I have been dealing w/ CIDP for 22 years. I have done just about everything. My last major relapse from 2001-2004 the IVIG on its own was not effective. 3 infusions per week for over a year. I just kept deteriorating. Once I jumped ship to a major medical facility and was admitted everything changed. I had multiple plasma exchange in conjunction with the prednisone 100mg/day, stopped the IVIG, had intravenous vitamins (C,D, B-1, B-^, B-12, all kinds of others) plus a 24 hour round the clock staff. I was given rounds at this teaching hospital where half dozen nuero students were being challenged to dx me each day and boy did they do the research! After about 2 weeks i was responding very well and was released and continued my road to recovery.

      This stem cell treatment is very new and cutting edge. I have studied it somewhat but I’m am a bit skeptical right now. With CIDP I rule NOTHING out. I studied in depth herbal medicine and nutritional aspects. Both of those have been very beneficial.

      I am currently experiencing my third relapse starting about sept 2010. Started directly with prednisone 60 mg/day. Absolutely hate the stuff. I am the poster child for side effects. Insomnia, mood swings, phycosis, weight gain, moon face, sweating, shaking, blah, blah. However, for me, it almost immediately began turning around my CIDP symptoms. I think everyone responds different to various treatments.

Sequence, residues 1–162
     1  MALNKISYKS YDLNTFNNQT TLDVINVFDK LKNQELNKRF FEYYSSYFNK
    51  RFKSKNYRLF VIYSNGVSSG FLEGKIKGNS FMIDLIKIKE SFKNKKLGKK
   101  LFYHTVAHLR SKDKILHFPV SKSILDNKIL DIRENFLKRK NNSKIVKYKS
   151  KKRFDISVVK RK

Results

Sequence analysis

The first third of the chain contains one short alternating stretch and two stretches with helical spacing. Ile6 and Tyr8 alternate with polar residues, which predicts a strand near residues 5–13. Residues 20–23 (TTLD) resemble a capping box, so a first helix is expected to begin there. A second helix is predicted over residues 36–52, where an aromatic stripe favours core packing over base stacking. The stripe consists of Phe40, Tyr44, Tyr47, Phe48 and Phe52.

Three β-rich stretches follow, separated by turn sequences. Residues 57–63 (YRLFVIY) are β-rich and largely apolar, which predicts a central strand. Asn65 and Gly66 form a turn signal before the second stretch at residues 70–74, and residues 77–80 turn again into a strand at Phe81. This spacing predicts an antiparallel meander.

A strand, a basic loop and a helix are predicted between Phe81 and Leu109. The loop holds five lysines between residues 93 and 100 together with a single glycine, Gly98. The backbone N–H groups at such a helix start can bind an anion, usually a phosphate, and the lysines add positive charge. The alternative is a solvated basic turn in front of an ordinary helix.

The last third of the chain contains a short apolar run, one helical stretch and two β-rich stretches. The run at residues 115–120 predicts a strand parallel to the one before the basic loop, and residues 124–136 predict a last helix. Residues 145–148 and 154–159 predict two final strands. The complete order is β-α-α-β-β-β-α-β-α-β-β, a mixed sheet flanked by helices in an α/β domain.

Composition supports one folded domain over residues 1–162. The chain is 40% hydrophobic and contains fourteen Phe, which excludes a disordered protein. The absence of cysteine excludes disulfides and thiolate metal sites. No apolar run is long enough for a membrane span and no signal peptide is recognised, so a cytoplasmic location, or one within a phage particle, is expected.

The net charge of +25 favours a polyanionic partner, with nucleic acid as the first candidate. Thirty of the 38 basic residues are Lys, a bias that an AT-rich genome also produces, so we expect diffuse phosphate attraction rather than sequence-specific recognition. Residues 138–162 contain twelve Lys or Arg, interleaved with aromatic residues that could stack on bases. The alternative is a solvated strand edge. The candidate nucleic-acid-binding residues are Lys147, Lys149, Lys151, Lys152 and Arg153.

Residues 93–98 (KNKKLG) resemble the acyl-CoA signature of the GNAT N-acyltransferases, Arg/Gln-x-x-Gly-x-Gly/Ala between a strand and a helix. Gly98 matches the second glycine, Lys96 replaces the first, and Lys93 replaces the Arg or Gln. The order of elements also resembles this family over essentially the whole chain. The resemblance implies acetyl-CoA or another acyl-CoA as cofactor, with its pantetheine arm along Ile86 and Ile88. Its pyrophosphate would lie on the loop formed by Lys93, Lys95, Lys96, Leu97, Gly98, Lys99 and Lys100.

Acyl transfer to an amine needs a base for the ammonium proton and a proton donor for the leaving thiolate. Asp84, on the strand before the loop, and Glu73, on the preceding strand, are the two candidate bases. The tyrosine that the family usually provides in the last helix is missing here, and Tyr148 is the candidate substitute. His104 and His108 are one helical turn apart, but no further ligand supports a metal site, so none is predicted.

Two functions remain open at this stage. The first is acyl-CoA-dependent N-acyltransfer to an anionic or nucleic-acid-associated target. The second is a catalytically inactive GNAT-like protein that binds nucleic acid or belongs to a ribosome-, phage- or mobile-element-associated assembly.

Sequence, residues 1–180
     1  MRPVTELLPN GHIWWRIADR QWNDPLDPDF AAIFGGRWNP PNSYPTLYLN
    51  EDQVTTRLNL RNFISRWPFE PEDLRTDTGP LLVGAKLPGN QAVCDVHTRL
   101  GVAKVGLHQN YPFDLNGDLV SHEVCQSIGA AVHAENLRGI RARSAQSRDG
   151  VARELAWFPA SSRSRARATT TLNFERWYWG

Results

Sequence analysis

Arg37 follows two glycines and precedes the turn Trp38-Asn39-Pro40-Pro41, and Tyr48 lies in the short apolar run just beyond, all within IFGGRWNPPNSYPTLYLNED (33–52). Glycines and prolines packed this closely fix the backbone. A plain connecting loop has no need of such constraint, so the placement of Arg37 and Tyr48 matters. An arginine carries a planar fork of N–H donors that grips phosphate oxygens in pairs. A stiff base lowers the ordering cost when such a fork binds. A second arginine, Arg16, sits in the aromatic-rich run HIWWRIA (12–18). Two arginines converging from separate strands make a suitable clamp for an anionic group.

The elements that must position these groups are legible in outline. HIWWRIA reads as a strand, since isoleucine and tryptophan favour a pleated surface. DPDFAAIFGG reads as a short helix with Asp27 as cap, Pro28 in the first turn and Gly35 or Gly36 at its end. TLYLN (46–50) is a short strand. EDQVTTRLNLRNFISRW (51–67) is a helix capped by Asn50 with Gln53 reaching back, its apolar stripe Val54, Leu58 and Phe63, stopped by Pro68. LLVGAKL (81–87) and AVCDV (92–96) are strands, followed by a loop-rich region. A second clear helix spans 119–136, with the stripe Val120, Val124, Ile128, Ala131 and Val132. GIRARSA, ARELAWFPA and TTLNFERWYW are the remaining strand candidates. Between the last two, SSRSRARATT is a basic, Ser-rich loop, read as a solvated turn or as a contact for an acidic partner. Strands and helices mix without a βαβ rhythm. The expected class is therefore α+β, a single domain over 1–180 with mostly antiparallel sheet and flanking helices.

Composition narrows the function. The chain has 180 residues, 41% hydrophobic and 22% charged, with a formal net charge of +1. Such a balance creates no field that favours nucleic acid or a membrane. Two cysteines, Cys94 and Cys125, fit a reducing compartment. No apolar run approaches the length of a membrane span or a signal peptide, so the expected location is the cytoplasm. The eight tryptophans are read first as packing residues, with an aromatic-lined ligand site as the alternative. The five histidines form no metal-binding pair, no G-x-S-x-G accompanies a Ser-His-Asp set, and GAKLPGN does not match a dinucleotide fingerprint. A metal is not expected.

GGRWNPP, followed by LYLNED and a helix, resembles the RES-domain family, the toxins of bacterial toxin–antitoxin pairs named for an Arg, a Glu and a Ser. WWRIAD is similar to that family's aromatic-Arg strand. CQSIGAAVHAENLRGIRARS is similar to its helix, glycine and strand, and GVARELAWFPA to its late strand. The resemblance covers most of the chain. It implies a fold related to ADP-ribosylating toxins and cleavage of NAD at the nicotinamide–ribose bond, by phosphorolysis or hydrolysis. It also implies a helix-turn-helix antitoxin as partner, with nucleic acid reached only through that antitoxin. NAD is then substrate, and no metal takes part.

Good luck with your approach. Stay strong. Be your own best advocate. I believe everyone with CIDP has a fighting chance to repel this process with the proper combination of determination, maximum medical treatment, first class doctors and staff, and foremost, faith in your God who knows your affliction and grants blessings and healing to those that believe and fight the good fight.

    • Anonymous
      March 23, 2011 at 10:30 pm

      There is no rock solid criteria for acceptance except: The neurologist and the stem cell transplant Dr. need to be sure as they can be you have cidp. My onset was unusual for cidp, but not impossible. You need to have taken the pred or ivig without any lasting improvement. Other than that you just have to be healthy enough to survive the xplant.

      The neurologist who looked like a young Steve Young from the SF 49rs fame said I had been on all the right meds. I told him prednisone-no improvement